Predive Visualisation – Part 3


When: Anytime before the dive is good, and the more you do it the better a dive you will have. Obviously, a very suitable time is right before the dive, when the alertness and adrenaline rush of the upcoming performance will help your mind be very awake and memorize any plans you make easily. Also, it always helps to combine the pre-dive visualization with another activity, so that both your mind and body are occupied and you allow yourself not time of inactivity. I do my pre-dive stretch routine and breathing warm up together with the visualization, and having all these things to do helps me a lot in not getting nervous before a big dive, especially if there is a lot of press and guests around.yas01

Where: A place that feels comfortable and familiar is even more important than an isolated, peaceful one. For example, for a long time, I used to stay on land while my team was on the boat setting everything up, so that I would not be bothered by all the hectic activities going on onboard. But, having to do my visualization and breathing exercises on a desolated place on land never worked for me, and it filled me up with anticipation and made me nervous. So, for the past couple of years I left together with the team on the boat, where I feel more comfortable and surrounded by positive energy and where the noise made by my friends as they prepare things for me is actually a reassuring and welcome sound. There, I am quite able to disconnect from the surroundings and do my pre-dive routine quite comfortably as long as I have a small and protected place somewhere. Again, this works for me and others may feel better being completely away from all the chaos that precedes the dive. But I still recommend allowing enough time to get used to the final location where you will dive, rather than making a sudden change in environment right before the dive, which can be quite negative.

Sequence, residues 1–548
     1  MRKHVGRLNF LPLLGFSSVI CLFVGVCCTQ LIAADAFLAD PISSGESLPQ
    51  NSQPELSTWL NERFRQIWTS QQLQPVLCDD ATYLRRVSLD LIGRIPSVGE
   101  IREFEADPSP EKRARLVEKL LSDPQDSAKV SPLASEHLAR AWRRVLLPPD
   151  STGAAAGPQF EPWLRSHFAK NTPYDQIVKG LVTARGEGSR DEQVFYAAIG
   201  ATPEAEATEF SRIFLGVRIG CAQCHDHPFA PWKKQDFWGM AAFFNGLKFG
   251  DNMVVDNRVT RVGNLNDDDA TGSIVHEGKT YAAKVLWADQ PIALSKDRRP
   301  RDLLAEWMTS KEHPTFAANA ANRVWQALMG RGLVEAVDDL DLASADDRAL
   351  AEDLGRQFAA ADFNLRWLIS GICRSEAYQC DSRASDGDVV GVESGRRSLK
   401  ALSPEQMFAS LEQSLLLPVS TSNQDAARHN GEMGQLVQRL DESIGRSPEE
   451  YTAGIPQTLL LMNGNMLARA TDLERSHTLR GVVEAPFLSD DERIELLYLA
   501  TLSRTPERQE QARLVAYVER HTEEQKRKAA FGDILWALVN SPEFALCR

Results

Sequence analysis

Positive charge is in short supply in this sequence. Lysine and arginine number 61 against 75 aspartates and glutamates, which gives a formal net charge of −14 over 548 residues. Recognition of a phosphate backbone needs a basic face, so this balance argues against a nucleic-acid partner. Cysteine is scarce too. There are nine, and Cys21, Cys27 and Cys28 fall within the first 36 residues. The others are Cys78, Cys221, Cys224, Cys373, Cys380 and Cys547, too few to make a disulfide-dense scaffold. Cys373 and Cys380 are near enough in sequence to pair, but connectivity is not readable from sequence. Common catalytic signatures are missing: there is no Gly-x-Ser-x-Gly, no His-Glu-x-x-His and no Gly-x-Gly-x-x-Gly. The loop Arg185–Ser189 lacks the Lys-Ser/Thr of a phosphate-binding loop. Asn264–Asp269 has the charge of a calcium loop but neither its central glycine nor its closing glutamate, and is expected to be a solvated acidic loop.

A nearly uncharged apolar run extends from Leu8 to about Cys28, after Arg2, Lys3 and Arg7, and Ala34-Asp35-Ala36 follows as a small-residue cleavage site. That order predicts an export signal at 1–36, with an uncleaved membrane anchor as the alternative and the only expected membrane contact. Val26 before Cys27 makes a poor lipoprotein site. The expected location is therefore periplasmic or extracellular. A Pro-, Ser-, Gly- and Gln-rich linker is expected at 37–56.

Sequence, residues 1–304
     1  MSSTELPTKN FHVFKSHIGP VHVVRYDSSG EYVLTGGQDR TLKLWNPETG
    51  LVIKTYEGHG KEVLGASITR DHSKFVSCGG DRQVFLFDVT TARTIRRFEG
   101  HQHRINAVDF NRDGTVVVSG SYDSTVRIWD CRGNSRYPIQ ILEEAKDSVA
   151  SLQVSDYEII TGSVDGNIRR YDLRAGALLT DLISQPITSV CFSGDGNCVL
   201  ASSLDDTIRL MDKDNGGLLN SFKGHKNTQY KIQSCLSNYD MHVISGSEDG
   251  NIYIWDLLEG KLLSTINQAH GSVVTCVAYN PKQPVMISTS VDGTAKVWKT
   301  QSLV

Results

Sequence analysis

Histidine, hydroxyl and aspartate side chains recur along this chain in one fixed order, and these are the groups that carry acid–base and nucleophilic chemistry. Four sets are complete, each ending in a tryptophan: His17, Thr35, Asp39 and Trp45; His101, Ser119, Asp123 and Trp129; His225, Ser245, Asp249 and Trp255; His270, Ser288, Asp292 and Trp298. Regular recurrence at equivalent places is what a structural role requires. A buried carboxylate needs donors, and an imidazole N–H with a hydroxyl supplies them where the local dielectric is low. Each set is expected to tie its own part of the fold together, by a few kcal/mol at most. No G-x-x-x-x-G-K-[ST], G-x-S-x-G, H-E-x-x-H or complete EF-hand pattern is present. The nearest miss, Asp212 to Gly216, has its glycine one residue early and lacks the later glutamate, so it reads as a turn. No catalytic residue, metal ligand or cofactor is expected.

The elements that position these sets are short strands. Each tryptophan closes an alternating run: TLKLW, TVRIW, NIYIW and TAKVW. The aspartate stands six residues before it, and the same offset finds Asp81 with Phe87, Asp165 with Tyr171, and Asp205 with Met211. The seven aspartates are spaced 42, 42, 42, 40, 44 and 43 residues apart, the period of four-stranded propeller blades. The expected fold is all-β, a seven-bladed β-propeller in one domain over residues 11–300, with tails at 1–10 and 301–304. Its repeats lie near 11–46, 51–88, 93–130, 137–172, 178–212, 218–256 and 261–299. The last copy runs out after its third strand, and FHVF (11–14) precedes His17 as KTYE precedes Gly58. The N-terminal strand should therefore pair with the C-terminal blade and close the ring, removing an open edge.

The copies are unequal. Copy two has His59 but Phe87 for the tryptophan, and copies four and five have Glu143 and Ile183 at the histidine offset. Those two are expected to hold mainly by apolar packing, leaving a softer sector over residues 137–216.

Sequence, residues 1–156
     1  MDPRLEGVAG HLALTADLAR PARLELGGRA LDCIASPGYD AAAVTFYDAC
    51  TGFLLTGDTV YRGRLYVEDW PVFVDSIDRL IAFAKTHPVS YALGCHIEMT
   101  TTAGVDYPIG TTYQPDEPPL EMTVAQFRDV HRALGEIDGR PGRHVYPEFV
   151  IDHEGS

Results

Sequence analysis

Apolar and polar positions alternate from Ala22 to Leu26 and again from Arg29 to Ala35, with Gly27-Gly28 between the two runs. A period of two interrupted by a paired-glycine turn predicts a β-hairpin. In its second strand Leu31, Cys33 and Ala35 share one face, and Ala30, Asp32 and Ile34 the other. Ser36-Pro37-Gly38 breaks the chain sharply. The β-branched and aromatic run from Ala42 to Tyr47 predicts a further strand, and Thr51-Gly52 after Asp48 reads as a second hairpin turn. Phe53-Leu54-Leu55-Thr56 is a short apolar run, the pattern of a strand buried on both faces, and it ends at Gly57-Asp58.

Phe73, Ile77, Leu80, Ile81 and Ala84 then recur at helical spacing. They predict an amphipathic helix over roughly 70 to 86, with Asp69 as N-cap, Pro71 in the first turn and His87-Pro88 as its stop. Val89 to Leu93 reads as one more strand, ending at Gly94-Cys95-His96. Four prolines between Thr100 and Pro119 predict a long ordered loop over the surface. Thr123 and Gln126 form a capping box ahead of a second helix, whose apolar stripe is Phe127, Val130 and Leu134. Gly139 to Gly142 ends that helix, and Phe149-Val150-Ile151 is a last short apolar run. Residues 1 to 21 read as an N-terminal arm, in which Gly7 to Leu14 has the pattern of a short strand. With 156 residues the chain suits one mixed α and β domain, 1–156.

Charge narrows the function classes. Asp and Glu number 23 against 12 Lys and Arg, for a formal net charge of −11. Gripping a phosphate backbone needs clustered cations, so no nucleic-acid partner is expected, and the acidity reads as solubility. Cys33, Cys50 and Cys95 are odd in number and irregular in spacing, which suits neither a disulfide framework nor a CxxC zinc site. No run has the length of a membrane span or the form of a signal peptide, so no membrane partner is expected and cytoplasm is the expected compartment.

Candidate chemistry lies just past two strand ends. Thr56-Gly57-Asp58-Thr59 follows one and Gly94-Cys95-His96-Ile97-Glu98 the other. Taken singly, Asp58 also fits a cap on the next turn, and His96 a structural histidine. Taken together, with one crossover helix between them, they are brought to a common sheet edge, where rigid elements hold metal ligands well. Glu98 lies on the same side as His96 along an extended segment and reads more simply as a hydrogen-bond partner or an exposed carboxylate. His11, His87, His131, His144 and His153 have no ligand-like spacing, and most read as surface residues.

Lastly, I want to say that pre-dive visualization is nothing without a proper post-dive analysis from your last dives. And this is the 3rd step for a successful pre-dive visualization: Base your problem solving on what has gone wrong and right during your last dive, not on a supposition of what might happen. Yes, after every dive Rudi and I sit together and carefully analyze the whole dive, stage by stage, finding the strengths and weaknesses in my performance. We discuss whether I dealt properly with any problems or whether I need to solve them in a different way next time they happen, and compare the dive against all the dives that have preceded it. This helps us establish a pattern that tells us very clearly “how” I’m diving and what aspects of my dives still need improvement and which ones are always being done properly, so I don’t waste effort on those. So, when you sit down somewhere to visualize your upcoming dive, you should have in your mind a list of what went well and what didn’t from your last dive, so that you can work on those points during your visualization.

Well, I hope this article has been of some help to all who read it, as visualization has certainly made a big difference in the quality of my dives.

Safe dives,

Yasemin Dalkilic

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